This quality statement is taken from the epilepsies in adults quality standard. The quality standard defines clinical best practice in epilepsy care for adults and should be read in full.

Quality statement

Adults presenting with a suspected seizure are seen by a specialist in the diagnosis and management of the epilepsies within 2 weeks of presentation.

Rationale

Diagnosing epilepsy can be complex, and it has been estimated that misdiagnosis occurs in 5–30% of people. It is therefore crucial that specialists are involved early in diagnosing epilepsy and that they take great care to establish the correct diagnosis.

Quality measure

Structure
Evidence of local arrangements for adults presenting with a suspected seizure to be seen by a specialist in the diagnosis and management of the epilepsies within 2 weeks of presentation.
Process
a) Proportion of adults presenting with a suspected seizure who are seen by a specialist in the diagnosis and management of the epilepsies.
Numerator – the number of people in the denominator who are seen by a specialist in the diagnosis and management of the epilepsies.
Denominator – the number of adults presenting with a suspected seizure.
b) Proportion of adults presenting with a suspected seizure who are seen by a specialist in the diagnosis and management of the epilepsies within 2 weeks of presentation.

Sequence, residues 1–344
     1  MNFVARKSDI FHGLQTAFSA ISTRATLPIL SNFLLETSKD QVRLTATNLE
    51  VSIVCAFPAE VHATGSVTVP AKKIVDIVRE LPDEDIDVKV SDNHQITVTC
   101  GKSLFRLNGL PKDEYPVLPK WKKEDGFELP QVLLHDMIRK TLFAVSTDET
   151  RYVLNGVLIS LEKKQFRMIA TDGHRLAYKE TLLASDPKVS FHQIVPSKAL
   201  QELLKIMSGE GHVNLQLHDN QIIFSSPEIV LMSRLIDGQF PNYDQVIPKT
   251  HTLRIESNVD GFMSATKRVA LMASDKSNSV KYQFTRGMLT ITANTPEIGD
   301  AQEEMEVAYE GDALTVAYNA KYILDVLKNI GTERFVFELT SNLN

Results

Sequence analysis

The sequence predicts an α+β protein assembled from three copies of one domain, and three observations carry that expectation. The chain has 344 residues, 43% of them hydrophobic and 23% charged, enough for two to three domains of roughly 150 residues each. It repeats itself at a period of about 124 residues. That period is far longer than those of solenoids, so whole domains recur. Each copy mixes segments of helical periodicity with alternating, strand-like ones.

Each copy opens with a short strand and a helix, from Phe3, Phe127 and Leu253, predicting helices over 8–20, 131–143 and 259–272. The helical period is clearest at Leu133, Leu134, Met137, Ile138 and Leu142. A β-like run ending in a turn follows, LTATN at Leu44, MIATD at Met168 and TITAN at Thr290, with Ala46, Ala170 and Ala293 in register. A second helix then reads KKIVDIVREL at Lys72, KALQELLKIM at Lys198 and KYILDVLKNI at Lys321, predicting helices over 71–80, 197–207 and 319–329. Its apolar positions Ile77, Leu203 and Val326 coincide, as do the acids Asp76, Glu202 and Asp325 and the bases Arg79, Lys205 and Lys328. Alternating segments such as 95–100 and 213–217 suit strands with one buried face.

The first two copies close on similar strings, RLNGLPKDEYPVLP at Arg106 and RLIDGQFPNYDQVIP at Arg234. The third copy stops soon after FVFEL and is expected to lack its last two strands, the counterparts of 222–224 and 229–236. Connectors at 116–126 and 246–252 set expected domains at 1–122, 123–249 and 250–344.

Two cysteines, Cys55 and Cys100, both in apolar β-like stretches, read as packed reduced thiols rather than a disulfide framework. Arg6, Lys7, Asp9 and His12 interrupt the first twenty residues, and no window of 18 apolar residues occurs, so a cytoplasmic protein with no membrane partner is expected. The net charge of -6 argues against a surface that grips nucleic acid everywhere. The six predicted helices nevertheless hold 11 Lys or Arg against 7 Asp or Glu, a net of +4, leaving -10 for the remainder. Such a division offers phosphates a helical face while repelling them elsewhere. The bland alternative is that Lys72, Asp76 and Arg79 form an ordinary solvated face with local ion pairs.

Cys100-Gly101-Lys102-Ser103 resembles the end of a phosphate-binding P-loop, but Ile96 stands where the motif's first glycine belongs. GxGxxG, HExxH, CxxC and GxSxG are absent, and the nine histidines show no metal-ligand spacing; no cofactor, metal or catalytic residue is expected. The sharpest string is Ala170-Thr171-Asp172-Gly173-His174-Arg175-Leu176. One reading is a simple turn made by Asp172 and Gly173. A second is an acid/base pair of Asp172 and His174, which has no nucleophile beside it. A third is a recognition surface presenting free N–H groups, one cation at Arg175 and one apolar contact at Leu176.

Numerator – the number of people in the denominator who are seen within 2 weeks of presentation.
Denominator – the number of adults presenting with a suspected seizure seen by a specialist in the diagnosis and management of the epilepsies.
Outcome
a) Diagnosis of epilepsy that is subsequently found to be incorrect.
b) Diagnosis of a condition that is subsequently found to be epilepsy.
c) Number of adults with a recorded seizure type and/or syndrome.

Description of what the quality statement means for each audience

Service providers ensure systems are in place for adults presenting with a suspected seizure to be seen by a specialist in the diagnosis and management of the epilepsies within 2 weeks of presentation.
Healthcare professionals ensure that adults presenting with a suspected seizure are seen by a specialist in the diagnosis and management of the epilepsies within 2 weeks of presentation.
Commissioners ensure they commission services for adults presenting with a suspected seizure to be seen by a specialist in the diagnosis and management of the epilepsies within 2 weeks of presentation.
Adults who have a suspected seizure are seen by a doctor with training and expertise in diagnosing and treating epilepsy within 2 weeks.

Source clinical guideline references

NICE clinical guideline 137 recommendations 1.4.5 (key priority for implementation), 1.4.1 and 1.4.2.

Data source

Structure
Local data collection.
Process
a) and b) Local data collection.
Outcome
a), b) and c) Local data collection.

Definitions

A suspected epileptic seizure is a reported acute episode of altered functioning, presumed to be the direct result of a change in electrical activity in the brain, the nature of which raises concerns that a seizure has occurred.